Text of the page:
One Shell Square

Post-Katrina, when New Orleans had no foodservice available, Shell's goal was to reopen Shell Square and feed its employees. Numbering some 1,000 people, the challenge was to design and build a facility that could provide breakfast and lunch every day without re-engineering the building, that would meet local code, and that could be refitted at a later date once normal operations could be restored.

Working with Waldemar S. Nelson, we had a satellite kitchen up and running in just over 3 weeks, with a fully operational kitchen facility 4 blocks away on St. Charles Avenue. We operated a full-service cafeteria with multiple lines, including salad bars, full meals, express meal and sandwich line, along with a coffee shop and pastry shop all day every business day.

Meals were delivered by our vans and kept hot in mobile equipment throughout each meal period. We fed on average, 900 people a full breakfast each morning and over 1,100 for lunch every day for nearly a year until the city was able to support the employees with local restaurants.

Shell Ursa TLP

Ursa is one of the most ambitious engineering projects ever conceived - a gigantic TLP, constructed in several countries and assembled overseas, it was towed under full power to MC 809.

SONOCO was involved in this project beginning almost a year before construction was completed. During fabrication, we provided foodservice management and housekeeping for the Shell offices at McDermott's Amelia facility.

Prior to commissioning, SONOCO did real-world testing of all equipment - preparing several hundred meals in the process. We worked with manufacturers to assure that all equipment met Shell's requirements, and readied it for towing overseas to Curacao.

We worked with the Logistics, Material and Utilities teams in coordinating the delivery of thousands of pounds of equipment, linen and food for the installation effort.

When the decision was made to do the integration/installation in Curacao, SONOCO worked with local officials, suppliers and staffing firms. We provided housing for almost 400 people on the flotel Venture, and also managed a recreation center, a swimming area, and a "nightclub" type game room. We also coordinated and prepared a cookout with a live band every Sunday. Because local guests and workers (and their families) were invited, we often served over 800 people at the weekly cookouts.

We also operated a duty-free store aboard the flotel.

Ursa was towed 1800 miles to the Gulf of Mexico and set on location. The tow took nearly a month and during this time, Ursa was crewed to maximum capacity and operated fully under its own power. With only 1 replenishment planned, and 156 people to feed, we had quite a challenge planning, ordering and storing all the products needed!

Prior to towing, we prepared complete menus for the duration. We planned the replenishment in the Grand Caymans, and of course, we stocked the pantry completely before getting underway.

The tow took place during the holiday season, so we were pleased to be able to serve a traditional Thanksgiving meal to our co-workers.

This project was a singular event. Never before had such a large structure been built for the Gulf of Mexico. Several record lifts were set. Ursa is currently in nearly 4,000 feet of water - another record at that time. And the driller - Helmerich & Payne International - has set several records as well.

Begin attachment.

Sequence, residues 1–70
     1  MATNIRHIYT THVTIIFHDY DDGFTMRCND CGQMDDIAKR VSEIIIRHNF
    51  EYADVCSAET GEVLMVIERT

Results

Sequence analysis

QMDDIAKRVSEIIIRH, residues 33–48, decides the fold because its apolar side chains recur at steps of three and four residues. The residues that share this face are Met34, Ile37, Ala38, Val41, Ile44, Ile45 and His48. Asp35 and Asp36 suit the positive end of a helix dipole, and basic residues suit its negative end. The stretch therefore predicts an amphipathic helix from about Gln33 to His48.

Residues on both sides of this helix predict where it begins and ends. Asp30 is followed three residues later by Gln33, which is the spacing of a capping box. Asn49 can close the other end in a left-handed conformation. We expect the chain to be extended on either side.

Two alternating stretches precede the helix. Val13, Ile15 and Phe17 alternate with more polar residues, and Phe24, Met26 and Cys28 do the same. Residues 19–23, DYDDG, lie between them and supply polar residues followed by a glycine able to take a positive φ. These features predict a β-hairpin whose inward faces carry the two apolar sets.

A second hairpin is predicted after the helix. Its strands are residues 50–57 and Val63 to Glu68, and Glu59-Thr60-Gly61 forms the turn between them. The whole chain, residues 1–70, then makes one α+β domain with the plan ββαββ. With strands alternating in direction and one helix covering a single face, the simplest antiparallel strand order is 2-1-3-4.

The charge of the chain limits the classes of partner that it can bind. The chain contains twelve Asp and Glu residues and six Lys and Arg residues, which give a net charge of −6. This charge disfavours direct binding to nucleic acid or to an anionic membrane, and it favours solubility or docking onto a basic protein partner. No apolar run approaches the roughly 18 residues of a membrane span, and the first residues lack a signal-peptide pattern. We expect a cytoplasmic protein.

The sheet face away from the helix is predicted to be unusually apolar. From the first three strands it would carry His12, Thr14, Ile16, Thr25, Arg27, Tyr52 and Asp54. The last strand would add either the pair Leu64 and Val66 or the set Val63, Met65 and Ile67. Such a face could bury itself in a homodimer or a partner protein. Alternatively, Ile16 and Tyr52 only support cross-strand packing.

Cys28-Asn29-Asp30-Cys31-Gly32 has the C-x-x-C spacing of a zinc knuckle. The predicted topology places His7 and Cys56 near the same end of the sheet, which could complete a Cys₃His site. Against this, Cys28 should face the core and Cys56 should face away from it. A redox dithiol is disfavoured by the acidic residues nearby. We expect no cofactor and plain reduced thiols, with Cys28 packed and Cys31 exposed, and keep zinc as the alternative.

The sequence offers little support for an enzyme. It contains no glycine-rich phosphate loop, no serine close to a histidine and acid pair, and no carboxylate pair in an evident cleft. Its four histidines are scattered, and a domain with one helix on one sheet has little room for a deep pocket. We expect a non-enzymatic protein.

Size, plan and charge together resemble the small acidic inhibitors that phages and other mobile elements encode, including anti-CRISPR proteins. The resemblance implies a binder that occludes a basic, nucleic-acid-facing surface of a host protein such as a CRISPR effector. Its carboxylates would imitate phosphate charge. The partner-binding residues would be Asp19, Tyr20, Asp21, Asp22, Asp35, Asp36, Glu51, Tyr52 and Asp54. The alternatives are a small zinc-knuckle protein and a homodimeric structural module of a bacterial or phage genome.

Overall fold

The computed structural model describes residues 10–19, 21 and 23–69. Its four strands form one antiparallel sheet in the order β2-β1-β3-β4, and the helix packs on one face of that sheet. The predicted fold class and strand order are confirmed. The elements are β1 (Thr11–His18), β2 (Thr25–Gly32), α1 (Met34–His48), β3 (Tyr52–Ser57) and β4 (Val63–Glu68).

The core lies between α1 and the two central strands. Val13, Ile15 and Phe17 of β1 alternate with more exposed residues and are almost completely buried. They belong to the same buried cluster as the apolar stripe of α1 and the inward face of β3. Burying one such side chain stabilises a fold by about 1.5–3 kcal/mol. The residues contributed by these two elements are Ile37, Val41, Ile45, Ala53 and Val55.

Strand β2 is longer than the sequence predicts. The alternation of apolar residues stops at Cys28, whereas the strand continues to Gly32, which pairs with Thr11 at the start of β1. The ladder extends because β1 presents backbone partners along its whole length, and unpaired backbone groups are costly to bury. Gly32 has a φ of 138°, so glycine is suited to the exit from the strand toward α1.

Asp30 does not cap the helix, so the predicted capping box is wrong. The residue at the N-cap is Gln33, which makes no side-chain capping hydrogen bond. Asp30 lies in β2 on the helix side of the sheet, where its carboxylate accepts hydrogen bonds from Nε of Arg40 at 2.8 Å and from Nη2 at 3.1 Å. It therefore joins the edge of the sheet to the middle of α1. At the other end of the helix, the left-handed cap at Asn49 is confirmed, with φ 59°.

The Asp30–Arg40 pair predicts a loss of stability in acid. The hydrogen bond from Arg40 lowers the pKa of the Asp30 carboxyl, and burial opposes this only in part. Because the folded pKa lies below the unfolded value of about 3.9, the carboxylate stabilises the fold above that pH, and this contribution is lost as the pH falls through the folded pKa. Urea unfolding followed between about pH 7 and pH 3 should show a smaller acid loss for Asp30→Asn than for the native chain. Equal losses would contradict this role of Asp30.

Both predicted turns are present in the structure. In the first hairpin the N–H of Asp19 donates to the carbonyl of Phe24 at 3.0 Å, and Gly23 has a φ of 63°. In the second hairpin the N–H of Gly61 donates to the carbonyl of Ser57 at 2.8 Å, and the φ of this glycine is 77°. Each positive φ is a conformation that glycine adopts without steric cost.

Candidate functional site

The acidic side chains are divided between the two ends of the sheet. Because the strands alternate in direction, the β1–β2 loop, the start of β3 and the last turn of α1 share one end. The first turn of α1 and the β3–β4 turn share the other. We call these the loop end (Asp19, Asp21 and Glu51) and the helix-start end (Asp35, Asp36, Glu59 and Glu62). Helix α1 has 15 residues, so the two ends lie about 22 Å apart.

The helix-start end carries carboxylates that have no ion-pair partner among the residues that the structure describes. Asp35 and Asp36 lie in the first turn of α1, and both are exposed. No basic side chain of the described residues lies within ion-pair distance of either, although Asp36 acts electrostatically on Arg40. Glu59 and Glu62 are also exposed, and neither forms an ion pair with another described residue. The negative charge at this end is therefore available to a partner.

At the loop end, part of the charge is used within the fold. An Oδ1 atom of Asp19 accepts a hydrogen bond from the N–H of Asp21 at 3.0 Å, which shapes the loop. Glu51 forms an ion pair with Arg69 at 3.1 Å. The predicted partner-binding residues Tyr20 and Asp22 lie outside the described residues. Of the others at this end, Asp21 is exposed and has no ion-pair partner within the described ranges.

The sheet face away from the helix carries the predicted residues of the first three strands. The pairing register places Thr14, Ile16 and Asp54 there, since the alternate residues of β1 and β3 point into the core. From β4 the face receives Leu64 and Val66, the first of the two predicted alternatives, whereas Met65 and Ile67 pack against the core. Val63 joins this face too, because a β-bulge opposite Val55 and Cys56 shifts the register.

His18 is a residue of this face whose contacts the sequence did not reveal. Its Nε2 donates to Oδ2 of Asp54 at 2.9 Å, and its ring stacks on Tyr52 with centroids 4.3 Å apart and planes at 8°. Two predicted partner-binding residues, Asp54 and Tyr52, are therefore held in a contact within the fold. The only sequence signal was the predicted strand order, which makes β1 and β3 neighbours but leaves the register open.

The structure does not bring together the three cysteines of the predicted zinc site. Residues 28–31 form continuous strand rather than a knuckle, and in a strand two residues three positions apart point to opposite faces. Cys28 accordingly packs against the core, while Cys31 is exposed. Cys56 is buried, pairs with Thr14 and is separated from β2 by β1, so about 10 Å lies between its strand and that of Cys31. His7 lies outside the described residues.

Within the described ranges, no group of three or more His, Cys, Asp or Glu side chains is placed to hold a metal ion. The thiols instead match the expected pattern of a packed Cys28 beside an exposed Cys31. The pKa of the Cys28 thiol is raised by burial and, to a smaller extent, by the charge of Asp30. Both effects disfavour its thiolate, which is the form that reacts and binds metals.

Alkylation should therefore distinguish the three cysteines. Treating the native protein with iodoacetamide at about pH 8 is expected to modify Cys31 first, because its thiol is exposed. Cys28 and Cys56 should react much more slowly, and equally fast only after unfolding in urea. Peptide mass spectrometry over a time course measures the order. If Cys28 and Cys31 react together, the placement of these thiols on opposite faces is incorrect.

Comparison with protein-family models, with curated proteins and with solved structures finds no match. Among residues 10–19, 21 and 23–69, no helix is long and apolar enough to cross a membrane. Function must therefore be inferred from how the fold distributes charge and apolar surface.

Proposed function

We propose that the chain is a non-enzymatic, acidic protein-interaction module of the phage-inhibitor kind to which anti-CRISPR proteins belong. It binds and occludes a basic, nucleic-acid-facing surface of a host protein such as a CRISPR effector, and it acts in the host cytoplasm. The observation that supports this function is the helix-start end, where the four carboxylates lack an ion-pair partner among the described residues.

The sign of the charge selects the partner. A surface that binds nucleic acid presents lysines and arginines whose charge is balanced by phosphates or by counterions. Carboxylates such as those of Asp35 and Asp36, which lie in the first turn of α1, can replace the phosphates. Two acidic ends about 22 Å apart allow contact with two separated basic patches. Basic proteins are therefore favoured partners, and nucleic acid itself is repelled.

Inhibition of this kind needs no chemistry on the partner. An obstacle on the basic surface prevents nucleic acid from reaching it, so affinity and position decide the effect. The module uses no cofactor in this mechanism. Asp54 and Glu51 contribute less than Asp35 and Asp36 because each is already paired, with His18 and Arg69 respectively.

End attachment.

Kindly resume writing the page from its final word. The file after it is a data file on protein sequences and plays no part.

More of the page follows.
Shell "Bullwinkle"

Bullwinkle, a major producing asset in the Shell shelf organization, underwent a substantial expansion that involved housing over 140 people - or roughly 4 times its capacity.

Double-stacked, temporary housing was placed on deck in three different locations, and a temporary galley/dining facility was created from a 4-building tie-in. The challenge was to provide quality food and housekeeping safely, in very limited space and with limited storage.

SONOCO provided housekeeping and foodservice for this project, which ran for several months, with no recordable incidents. We are still on this location, providing complete catering service.

Exxon Mobile Bay Project

Involving over 600 people from dozens of companies, 40 boats, liftboats and quarterboats, the project goal was to bring on line three producing assets in the Mobile Bay.

The properties being developed were situated in a protected wetlands area just north of Dauphin Island. This area is home to highly productive oyster beds and is considered a very sensitive area in which to work. Additional challenges to the project were the fact that Dauphin Island is a popluar tourist destination, and that facilities were situated in high-pressure hydrogen sulfide areas. In fact, Exxon developed several new technologies to deal with the adverse conditions safely and profitably.

Everyone involved in the project lived either on the island or in nearby hotels. SONOCO provided housekeeping services for a 20,000 square foot office and shorebase facility, a lodge that housed 48 crew, several dozen condominiums and houses on the island, and a small apartment complex.

We also provided individual laundry service for each of the 600+ staff living on the project facilities and hotels. All laundry was turned around within 24 hours from the time it was dropped off!

SONOCO also provided complete foodservice for the project, feeding from several lift boats, quarterboats and other vessels as well as from the lodge. Throughout the life of the project, which lasted over a year, we maintained excellent standards of cleanliness, and achieved very high levels of customer satisfaction.

During the project, we also provided numerous special services including shuttle transportation for project managers, special custodial services for VIP quarters, and similar services. We also managed a lunch program at the shorebase facility, and provided vending services for some areas of the project facilities.